Background on Bob Collins Korean War Postal History Exhibit

[exhibit page]

The following narrative is by Bob Collins, dated 2017, and is supplied as supplementary material to his remarkable Korean War postal history exhibit. Some edits to the original material have been made, and are marked with []:

...I started collecting Korean War covers around 50 years ago. After my Territorial Alaska exhibit appeared in the APS Champion of Champion show, I put it away and started mounting the Korean War covers into exhibit form. I formed the Best collection of that material known worldwide. Yes, I had contact with collectors from several foreign countries who wanted to buy my collection. I even had a collector from Communist China looking for POW covers since the Chinese ran the POW camps along with the North Koreans.

While a Mr. Put in Holland had more covers than I, my collection was composed of a greater variety and I had many cover examples he didn't have. He bought in bulk, while I just bought pieces I could use in my exhibit. One thing I was always proud of is that I found out the Correct way mail to and from the POWs took place. For years and even in a book, the writer stated that Panmunjom was the mail center for POW Mail. Through government documents that were no longer sealed, I found that Yokohama, Japan, was the location of APO 100 and was the center for POW mail to and from the camps. They even had a listing of known POWs at that location. They would go through the incoming mail and placed mail for each POW Camp in SEALED bags marked with the Camp number. Then the Sealed bags would be taken to Panmunjom where they were picked up, and sometimes much later were taken to the proper POW Camp.

Another thing I discovered that no one else knew was the Camp number change that took place a few months after camps opened. Some POW letters were marked with a camp number that had been changed, but the POWs didn't know about it so sometimes the return address was not correct by the camp numbers. I explain that in my exhibit page writings.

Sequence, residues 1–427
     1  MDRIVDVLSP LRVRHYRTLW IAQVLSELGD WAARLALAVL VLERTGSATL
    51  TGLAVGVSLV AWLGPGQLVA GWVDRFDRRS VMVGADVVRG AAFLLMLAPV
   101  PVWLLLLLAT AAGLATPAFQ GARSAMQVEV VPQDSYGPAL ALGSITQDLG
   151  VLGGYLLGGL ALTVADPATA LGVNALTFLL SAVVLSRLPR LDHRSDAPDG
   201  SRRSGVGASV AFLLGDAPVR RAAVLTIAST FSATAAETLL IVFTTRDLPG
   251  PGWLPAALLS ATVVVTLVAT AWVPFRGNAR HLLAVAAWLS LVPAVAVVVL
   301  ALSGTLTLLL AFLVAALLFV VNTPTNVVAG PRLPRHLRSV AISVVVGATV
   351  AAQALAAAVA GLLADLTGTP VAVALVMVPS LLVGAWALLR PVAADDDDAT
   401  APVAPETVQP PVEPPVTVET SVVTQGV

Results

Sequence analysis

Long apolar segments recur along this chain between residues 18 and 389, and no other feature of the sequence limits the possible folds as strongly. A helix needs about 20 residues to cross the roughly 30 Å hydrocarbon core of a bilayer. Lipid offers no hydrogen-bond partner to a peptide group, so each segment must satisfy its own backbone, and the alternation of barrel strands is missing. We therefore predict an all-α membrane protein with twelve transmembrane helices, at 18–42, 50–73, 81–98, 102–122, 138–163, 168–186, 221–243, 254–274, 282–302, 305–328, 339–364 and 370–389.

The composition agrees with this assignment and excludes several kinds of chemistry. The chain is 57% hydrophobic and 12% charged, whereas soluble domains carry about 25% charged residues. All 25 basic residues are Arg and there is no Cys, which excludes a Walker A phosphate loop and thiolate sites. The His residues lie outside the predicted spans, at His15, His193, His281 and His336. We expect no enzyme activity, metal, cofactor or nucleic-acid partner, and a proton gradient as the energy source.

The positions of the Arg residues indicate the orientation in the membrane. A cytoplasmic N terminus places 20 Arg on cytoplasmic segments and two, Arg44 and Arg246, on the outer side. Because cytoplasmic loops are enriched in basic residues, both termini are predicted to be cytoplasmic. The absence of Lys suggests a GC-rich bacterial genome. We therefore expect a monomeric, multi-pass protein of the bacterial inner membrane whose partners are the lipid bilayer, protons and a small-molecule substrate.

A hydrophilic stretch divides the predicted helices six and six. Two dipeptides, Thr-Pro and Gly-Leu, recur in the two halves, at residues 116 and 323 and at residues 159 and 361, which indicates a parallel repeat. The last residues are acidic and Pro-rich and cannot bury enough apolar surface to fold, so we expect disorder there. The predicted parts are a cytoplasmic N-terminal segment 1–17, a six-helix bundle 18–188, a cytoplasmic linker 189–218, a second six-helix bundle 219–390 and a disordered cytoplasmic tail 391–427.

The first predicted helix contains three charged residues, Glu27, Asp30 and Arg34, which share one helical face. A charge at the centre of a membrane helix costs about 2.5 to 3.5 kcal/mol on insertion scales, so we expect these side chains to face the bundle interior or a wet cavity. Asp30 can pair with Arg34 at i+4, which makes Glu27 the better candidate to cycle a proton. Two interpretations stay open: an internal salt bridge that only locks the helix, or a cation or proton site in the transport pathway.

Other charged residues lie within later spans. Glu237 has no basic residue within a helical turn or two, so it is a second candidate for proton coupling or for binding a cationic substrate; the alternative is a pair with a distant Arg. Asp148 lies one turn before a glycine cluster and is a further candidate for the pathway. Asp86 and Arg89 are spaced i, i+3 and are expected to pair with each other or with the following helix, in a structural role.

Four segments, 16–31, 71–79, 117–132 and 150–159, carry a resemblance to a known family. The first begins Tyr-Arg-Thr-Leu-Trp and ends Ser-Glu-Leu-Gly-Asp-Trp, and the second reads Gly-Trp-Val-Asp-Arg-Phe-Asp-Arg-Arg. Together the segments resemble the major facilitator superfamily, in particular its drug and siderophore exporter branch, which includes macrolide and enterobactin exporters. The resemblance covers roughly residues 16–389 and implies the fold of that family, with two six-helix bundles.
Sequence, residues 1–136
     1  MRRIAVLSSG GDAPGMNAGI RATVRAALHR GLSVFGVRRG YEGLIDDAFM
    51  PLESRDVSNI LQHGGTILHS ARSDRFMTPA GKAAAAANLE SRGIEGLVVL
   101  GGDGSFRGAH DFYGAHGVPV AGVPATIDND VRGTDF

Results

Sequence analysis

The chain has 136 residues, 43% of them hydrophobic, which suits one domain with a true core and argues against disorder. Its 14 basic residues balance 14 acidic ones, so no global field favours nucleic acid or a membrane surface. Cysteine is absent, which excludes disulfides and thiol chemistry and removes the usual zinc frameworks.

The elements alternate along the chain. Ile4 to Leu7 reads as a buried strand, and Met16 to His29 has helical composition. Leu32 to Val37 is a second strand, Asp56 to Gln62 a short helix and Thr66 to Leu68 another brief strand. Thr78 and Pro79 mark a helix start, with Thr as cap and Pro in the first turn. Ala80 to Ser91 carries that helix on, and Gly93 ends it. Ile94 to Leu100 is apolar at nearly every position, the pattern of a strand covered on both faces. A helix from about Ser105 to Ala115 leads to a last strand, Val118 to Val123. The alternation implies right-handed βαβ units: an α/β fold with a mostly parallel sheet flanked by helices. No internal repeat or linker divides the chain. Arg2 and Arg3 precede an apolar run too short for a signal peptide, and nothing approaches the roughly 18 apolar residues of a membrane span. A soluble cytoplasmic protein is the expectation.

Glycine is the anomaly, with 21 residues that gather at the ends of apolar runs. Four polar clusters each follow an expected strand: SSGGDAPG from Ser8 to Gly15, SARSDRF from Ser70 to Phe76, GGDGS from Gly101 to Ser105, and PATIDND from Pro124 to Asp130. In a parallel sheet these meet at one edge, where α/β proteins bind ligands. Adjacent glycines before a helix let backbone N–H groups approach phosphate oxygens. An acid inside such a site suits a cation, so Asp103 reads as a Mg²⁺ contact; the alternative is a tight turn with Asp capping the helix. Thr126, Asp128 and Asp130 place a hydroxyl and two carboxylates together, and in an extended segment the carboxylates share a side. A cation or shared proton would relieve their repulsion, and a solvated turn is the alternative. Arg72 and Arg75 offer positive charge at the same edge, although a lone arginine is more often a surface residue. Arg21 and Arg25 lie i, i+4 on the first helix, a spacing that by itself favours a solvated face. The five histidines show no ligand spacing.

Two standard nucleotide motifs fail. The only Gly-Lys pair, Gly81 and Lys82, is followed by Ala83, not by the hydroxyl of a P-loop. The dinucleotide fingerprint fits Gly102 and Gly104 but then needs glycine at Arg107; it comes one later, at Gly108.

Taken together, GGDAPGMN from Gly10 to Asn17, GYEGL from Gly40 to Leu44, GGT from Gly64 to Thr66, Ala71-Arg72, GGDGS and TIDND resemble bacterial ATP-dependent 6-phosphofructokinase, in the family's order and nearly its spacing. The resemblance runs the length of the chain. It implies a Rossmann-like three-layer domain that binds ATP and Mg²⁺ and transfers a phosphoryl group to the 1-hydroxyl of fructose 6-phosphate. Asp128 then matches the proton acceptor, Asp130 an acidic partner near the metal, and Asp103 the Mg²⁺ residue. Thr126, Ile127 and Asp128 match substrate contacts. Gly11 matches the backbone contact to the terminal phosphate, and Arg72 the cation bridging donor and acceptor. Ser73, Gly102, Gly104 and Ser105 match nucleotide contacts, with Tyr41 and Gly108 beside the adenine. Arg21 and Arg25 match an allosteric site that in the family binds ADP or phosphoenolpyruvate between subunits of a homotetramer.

For my research, I used a large number of books written by the POWs as my POW section blew the socks off of many Korean War collectors and veterans of the Korean War. I was very proud of that section of my exhibit, especially because no other collector had the variety that I had. I made use of the government documents I had. Talked one on one with a survivor (Mr. Cosin) of the "Tiger" death march north to the POW Camps. This person used to give talks to students and adults on his experiences. He even sent me some of his hand drawn pages he used in his talks. He mentioned that during the first winter in the POW Camp so many died and they could not burry them as the ground was so frozen. He said he carried them outside and stacked them like cordwood until spring when the ground got softer and they were buried. We talked several times at length and when he stopped contacting me, I found out he was set upon by a bunch of young men and was beaten and robbed. He never recovered and spent his last days in a nursing home. How terrible the gang of [removed, ed.] were to beat upon that old man who had been through so much in his military days. I also had a lot of contact with a Mr. Casey, Army retired, who was involved with the Korean War POW association and was the keeper of all their records. Tim told me a story about one of their reunions on the West Coast, possibly Seattle. They got a phone call from a Chinese man (PRC) who was in the city on business, and had heard about their reunion. He asked if he could come to the meeting as he was a Guard at one of the POW Camps. He was told NOT to show up as someone could be armed and he possibly would not get out alive. He didn't show up.